Summary : Teen Wolf is better than most MTV programs, and Season 3, Part 2 is better than most Teen Wolf. Unfortunately, the DVD lacks any meaningful extras.
MTV’s Teen Wolf did what a number of high-episode-count cable shows have done this year, splitting its season into two halves. The episodes that aired last summer have already been released on DVD, and now the most recent run has its own three-disc set with Teen Wolf Season 3, Part 2. These 12 installments aired from January through March of this year, and arrived in stores just ahead of season four, which premiered this past week.
For those unfamiliar with the show, well, you probably don’t want to jump in here. It’s a highly-serialized story, with long arcs and constant character development. It’s about a boy, in his teens, who becomes a werewolf, of course. But it’s also about growing up in general, accepting responsibility, and figuring out who you are. Plus, there are lots of battles and sneaky enemies and special effects and romantic interludes that satisfy the target audience of the network. It is much better than most MTV fare, and while not genre-busting, is good enough to watch, even if you’re past the typical demographic. So start at the beginning, not with this set.
The back half of season three focuses a lot on Scott (Tyler Posey), of course, now the Alpha of a pack. It’s not a role he slips into easily, but it’s definitely one he’s been building towards for some time. We know Scott will make a fine Alpha, but I’m glad Teen Wolf decides to chronicle his rocky beginning in the job, as that’s only natural for someone so young stepping up into such a powerful position. As he tries to be a better person alongside this, one wonders how he will eventually prioritize his life and the warring parts of it.
This is not made easy when Scott’s best friend, Stiles (Dylan O’Brien), is turned against him. This makes it much harder for Scott to do what he needs to do, needing to stop a villain, but reluctant to hurt a friend. It also lets O’Brien play another side of the popular no-longer-just-a-sidekick kid, probably why his face is in the middle of the DVD cover, not Scott’s. It certainly makes for some very tense moments.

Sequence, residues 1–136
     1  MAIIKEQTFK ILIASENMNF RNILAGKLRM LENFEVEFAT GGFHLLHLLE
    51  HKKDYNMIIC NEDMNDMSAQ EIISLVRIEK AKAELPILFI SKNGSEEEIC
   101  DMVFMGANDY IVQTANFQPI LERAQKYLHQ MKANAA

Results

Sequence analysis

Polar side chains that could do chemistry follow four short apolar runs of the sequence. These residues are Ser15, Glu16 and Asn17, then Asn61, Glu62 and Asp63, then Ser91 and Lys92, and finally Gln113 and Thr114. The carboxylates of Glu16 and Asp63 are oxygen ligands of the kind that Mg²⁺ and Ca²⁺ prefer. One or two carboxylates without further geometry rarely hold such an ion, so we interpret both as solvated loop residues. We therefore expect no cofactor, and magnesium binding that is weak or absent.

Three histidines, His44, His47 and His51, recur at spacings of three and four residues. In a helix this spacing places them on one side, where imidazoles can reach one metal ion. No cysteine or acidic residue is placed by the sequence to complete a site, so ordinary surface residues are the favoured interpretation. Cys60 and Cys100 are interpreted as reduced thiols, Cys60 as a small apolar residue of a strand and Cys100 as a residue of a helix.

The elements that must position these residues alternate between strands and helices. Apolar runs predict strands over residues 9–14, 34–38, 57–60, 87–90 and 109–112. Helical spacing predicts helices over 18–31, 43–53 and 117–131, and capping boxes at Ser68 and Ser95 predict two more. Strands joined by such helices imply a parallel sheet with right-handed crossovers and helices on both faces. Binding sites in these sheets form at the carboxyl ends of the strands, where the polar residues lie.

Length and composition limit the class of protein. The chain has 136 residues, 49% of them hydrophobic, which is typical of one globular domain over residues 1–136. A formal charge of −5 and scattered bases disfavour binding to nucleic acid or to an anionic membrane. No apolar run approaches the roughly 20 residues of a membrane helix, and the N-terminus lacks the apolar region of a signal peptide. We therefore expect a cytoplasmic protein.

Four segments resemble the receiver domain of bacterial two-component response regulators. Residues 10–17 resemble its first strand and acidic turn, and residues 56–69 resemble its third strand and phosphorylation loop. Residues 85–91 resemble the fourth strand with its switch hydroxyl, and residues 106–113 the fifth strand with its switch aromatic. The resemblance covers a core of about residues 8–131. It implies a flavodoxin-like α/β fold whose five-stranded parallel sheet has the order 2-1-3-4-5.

For those who’ve already seen these episodes, you will know a major death shakes up the end of this season. (I won’t spoil who it is, so if you haven’t seen it, you’re safe to keep reading.) It’s really unprecedented for Teen Wolf to take out someone so important, and if I didn’t know that the performer wanted to leave, I’d be shocked the writers would do such a thing. Creatively speaking, this will breathe new life into the narrative direction going forward, and really lets Teen Wolf dig into some deep emotion, but it’s also sad to lose a beloved part of the fabric.
Season 3B is a time of consequence. Often, in an action-based show, there are big developments, but the pacing is such that it quickly moves on. Teen Wolf Season 3, Part 2 tries, and often succeeds, in telling a tale where the ramifications of one’s choices are felt. This may not seem like a novel concept, and it isn’t completely, as the best TV shows always do this. But for a program like Teen Wolf, the inclusion is not a given, and I like how things come back to haunt our heroes. It makes them more well-rounded individuals.
If you’re not one of those that go for feelings, there’s still plenty of excitement and freaky-deaky stuff. These installments are full of supernatural powers and new races. Scott, Stiles, and Allison (Crystal Reed) have to deal with visions from their “open” minds. Were-coyotes join the fray, there’s a banshee to contend with now, and mass murderers pose a threat. Kira (Arden Cho, the recent Tomb Raider video game), a kitsune, which is a mythological Japanese trickster, is introduced, and she’s only part of the Asian lore in these episodes. So buckle in and enjoy the ride.
I complained about the sparse extras in the first half of this season, and this latest release is even worse. The only thing included is a featurette called “Following the Pack: The Fans of Teen Wolf.” It’s eight-plus minutes of footage from the Supernatural Fan Expo, including brief clips of interviews with cast members talking about their audience. There is little substance, designed more to show us that people like the show. There’s also a booklet of some fan art included in the package. Some of it looks kind of cool, but it seems a bit amateurish for a hit show to include such things. I see this is completely unnecessary, and wish the production had put together something to give us more insight to the series, being deeply disappointed by the lack of extras here.
Teen Wolf Season 3, Part 2 is available now.Powered by Sidelines